ROME (Reuters) - Italy said on Thursday it had done a deal with EU countries to share out migrants aboard a charity ship at sea in the Mediterranean, resolving the first of what may be repeated episodes that will test the new government in Rome.
The Ocean Viking, run by French charities SOS Mediterranee and Doctors Without Borders, is carrying 82 people that it rescued in various operations off Libya this week, and has requested a safe port.
The government, which was sworn in last week, has promised a change of tack compared with the previous administration in which far-right Interior Minister Matteo Salvini closed Italy’s ports to migrant rescue boats.
Prime Minister Giuseppe Conte said after a meeting of his top ministers on Thursday that “several EU countries” had agreed to take in the migrants aboard the Ocean Viking, “which will ensure a rapid and suitable solution” for them.
Nicola Zingaretti, head of the center-left Democratic Party (PD), which now governs with the anti-establishment 5-Star Movement, tweeted that a “positive solution” had been found thanks to the involvement of other EU countries.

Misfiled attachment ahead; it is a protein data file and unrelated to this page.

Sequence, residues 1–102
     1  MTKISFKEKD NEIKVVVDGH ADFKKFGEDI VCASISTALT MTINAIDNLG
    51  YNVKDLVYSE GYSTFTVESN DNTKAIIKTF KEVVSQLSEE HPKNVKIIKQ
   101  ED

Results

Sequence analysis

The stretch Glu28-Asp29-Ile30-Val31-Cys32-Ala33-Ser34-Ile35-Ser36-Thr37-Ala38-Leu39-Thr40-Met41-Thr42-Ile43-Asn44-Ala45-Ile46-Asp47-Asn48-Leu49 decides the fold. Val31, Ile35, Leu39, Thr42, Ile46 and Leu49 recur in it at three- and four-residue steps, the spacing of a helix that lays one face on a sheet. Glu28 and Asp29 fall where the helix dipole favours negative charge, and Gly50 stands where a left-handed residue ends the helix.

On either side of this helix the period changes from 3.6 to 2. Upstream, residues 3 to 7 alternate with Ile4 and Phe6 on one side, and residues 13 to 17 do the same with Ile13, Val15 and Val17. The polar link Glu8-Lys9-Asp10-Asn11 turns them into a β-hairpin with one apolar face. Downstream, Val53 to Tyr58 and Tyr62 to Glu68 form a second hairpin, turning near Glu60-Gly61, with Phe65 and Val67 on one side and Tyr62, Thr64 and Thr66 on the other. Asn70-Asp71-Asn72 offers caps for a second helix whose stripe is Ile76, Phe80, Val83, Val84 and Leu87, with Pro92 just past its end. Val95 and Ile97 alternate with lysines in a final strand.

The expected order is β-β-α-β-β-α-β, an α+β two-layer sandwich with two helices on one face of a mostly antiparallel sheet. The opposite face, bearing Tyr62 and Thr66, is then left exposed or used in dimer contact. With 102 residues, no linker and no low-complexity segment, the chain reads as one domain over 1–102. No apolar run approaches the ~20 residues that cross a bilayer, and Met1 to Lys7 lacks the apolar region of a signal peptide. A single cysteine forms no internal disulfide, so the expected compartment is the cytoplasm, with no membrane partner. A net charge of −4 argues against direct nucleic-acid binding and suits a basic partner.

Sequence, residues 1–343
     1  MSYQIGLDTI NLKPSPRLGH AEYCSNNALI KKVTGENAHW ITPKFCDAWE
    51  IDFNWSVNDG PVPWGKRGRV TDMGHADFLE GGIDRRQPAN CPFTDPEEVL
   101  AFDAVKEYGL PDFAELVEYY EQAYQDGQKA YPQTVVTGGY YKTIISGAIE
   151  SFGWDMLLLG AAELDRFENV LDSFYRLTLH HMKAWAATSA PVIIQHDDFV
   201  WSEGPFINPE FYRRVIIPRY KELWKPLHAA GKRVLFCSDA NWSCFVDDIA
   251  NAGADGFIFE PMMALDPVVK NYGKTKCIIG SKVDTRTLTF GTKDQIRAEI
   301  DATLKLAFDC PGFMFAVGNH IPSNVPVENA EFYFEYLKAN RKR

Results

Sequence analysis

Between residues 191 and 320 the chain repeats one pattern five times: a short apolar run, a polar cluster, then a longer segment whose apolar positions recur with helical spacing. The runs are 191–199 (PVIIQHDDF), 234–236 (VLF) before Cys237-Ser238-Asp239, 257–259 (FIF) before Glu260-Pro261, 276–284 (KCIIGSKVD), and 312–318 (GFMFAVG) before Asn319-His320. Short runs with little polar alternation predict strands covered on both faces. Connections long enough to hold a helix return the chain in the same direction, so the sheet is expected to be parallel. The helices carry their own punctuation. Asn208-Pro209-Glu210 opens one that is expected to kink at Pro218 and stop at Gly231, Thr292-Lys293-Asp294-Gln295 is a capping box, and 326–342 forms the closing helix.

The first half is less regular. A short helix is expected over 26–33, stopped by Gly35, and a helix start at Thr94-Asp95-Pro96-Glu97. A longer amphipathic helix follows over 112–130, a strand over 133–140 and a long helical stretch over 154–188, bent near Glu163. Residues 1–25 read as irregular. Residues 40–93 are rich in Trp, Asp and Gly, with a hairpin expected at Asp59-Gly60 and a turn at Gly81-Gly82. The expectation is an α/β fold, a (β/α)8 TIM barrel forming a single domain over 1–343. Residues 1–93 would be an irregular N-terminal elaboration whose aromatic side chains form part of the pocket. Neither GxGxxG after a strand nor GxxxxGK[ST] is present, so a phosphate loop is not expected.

However no details were given and a spokeswoman for SOS Mediterranee told Reuters they had not received any indication that their boat could dock at an Italian port.
The Ocean Viking is currently midway between Malta and the Italian island of Lampedusa. The migrants on board are all African and include 17 minors, the spokeswoman said.
Salvini’s hard line on immigration fueled the popularity of his League party, which pulled out of its coalition with 5-Star last month in a vain attempt to trigger new elections. Instead, 5-Star formed a coalition with the PD.
Salvini on Wednesday challenged the government to keep the Ocean Viking out.
“We’ll see how they behave, we’ll see if Italy goes back to being the only migrant landing platform for the whole of Europe,” he said in a tweet.
Reporting by Gavin Jones and Angelo Amante; Editing by Giles Elgood
Our Standards: The Thomson Reuters Trust Principles.